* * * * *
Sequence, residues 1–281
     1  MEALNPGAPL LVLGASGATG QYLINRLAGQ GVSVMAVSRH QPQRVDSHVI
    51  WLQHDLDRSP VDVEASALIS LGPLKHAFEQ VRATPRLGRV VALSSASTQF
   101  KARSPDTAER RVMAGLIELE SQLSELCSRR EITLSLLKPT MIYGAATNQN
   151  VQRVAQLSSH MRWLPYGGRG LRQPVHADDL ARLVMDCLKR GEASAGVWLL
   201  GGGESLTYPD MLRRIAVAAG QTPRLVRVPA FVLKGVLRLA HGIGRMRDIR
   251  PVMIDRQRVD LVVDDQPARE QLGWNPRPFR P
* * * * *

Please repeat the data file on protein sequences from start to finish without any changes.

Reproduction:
Sequence, residues 1–281
     1  MEALNPGAPL LVLGASGATG QYLINRLAGQ GVSVMAVSRH QPQRVDSHVI
    51  WLQHDLDRSP VDVEASALIS LGPLKHAFEQ VRATPRLGRV VALSSASTQF
   101  KARSPDTAER RVMAGLIELE SQLSELCSRR EITLSLLKPT MIYGAATNQN
   151  VQRVAQLSSH MRWLPYGGRG LRQPVHADDL ARLVMDCLKR GEASAGVWLL
   201  GGGESLTYPD MLRRIAVAAG QTPRLVRVPA FVLKGVLRLA HGIGRMRDIR
   251  PVMIDRQRVD LVVDDQPARE QLGWNPRPFR P